Human Resources and Immigrant Workers

Because of the political climate in the country, federal and state governments have erected more onerous barriers to immigration. Partly the result of the economy, partly the result of national security concerns, these new immigration regulations are making it harder for human resource departments to find the skilled workers that companies need.
The report showed that two-fifths of Canadian firms are planning to hire people from other countries, compared to just one-fifth in the United States.
Because of this adversarial climate to immigration, human resource departments are putting more emphasis on recruiting and keeping local people. According to a recent report, two-thirds of human resource professionals in the United States and Canada acknowledge that these tougher immigration policies are forcing them to do more to recruit and retain local people, especially in areas such as health care, where more scientific and technical skills are needed.
The report also showed that hiring immigrant workers has become more time consuming because of the time it takes to process paperwork.
In the United States, only 140,000 employment-related immigrant visas are made available each year under the provisions of United States immigration law. There is extensive paperwork involved. The applicant needs a labor certification and filing petition to be considered for an immigrant visa. The employer where the applicant will be working must first get a labor certification approval from the U.S. Department of Labor.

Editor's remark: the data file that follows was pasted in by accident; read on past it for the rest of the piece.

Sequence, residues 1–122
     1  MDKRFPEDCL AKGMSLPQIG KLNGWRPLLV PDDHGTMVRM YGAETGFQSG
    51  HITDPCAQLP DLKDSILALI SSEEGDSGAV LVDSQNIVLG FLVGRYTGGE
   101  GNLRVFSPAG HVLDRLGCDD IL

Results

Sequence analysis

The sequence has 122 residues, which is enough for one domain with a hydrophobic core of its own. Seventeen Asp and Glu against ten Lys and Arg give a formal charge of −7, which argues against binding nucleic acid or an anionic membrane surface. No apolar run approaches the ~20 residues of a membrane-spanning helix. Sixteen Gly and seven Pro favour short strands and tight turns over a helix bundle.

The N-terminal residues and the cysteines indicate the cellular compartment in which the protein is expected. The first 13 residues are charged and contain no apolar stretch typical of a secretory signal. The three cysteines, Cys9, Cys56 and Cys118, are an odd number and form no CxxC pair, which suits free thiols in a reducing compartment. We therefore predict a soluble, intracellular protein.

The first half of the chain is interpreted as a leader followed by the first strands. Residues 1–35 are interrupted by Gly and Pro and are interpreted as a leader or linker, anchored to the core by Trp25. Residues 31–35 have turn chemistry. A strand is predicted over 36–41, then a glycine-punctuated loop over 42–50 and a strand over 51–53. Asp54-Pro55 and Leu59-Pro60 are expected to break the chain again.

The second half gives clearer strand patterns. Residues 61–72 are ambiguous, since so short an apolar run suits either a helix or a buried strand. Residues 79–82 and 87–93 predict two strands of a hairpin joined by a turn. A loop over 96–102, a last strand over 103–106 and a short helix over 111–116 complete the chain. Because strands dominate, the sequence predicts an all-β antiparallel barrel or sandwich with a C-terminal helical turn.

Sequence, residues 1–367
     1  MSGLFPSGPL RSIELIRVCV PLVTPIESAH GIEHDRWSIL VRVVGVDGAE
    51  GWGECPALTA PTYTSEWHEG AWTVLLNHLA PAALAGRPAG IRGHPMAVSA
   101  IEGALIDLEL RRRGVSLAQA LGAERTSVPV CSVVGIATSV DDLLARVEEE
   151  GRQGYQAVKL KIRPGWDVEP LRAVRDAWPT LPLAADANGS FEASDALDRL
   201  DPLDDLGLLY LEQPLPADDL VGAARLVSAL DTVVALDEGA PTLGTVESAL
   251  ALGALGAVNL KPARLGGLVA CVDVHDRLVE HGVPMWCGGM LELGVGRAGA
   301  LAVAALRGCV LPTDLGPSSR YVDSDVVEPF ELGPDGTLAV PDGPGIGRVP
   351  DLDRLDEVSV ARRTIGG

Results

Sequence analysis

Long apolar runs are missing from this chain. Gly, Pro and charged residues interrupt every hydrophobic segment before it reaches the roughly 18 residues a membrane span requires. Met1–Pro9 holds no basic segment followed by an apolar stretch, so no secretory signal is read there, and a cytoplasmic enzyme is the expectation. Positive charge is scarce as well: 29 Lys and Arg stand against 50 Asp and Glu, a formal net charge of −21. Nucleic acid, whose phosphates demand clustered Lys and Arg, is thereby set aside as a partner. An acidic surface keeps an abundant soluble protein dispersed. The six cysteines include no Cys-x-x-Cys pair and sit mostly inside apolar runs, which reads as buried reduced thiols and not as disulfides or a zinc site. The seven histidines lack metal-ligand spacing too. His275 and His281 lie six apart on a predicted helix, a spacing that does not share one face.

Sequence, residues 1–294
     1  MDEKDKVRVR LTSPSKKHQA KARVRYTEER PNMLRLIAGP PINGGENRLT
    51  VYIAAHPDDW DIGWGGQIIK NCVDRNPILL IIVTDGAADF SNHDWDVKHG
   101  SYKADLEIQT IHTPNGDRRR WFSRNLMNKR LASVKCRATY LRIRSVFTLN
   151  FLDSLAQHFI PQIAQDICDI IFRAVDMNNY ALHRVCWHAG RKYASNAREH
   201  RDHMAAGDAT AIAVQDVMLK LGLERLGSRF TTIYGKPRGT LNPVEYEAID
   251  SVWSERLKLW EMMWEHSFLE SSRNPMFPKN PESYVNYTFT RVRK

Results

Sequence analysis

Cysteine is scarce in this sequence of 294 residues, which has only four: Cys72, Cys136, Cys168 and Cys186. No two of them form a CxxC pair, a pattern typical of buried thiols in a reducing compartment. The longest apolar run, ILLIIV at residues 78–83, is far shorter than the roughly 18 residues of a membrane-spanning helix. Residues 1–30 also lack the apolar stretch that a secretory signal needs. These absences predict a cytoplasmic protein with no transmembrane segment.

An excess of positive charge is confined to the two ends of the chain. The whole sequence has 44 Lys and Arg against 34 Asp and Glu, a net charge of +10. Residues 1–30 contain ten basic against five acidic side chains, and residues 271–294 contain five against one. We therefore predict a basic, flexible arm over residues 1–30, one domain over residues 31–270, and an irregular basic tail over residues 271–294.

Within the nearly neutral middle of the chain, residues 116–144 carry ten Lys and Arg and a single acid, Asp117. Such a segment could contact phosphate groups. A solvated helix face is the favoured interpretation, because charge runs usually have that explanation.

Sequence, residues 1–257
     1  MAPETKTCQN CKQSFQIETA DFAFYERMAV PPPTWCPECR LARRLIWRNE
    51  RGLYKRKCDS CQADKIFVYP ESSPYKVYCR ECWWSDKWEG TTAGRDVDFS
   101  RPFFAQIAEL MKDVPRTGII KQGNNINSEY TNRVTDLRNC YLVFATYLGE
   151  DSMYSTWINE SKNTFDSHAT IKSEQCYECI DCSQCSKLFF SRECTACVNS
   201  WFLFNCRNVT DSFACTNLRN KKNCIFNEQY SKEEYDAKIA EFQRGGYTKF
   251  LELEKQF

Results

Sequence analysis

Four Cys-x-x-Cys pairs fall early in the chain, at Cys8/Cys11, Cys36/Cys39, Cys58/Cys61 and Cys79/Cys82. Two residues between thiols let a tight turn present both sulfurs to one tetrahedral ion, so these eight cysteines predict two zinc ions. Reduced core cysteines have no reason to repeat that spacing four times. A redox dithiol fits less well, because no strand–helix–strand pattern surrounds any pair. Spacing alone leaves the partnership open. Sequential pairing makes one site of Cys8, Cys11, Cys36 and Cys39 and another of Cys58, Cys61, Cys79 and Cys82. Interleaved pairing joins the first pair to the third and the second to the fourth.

Then the employer has to file an Immigrant and Petition for Alien Worker form with the U.S. Citizenship and Immigration Service.
First preference for employment is given to persons with extraordinary ability in the sciences, arts, education, business, or athletics. It’s also given to outstanding professors and researchers with at least three years of teaching or research, as well as multinational managers or executives
The second preference category for immigrant employment includes professionals who hold an advanced degree and persons with exceptional ability in the sciences, arts or business. Third preference for immigrant employment is given to skilled workers, people whose jobs require at least two years of training or work experience. This category also includes professionals, members for the professions who jobs require at least a bachelor’s degree, and unskilled workers.
If you need skilled workers fast for your Seattle, Chicago, Anchorage, Lake Oswego, or Tacoma firm, contact the Opti Staffing Group. We can find you skilled workers for your temporary, temp-to-hire and direct-hire assignments. We look forward to hearing from you.